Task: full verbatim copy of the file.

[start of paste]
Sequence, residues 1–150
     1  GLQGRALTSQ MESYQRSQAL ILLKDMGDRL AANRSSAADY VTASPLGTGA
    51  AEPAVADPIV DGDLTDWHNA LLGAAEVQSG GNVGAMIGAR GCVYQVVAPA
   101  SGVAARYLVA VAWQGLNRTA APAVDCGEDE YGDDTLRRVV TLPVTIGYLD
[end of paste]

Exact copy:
Sequence, residues 1–150
     1  GLQGRALTSQ MESYQRSQAL ILLKDMGDRL AANRSSAADY VTASPLGTGA
    51  AEPAVADPIV DGDLTDWHNA LLGAAEVQSG GNVGAMIGAR GCVYQVVAPA
   101  SGVAARYLVA VAWQGLNRTA APAVDCGEDE YGDDTLRRVV TLPVTIGYLD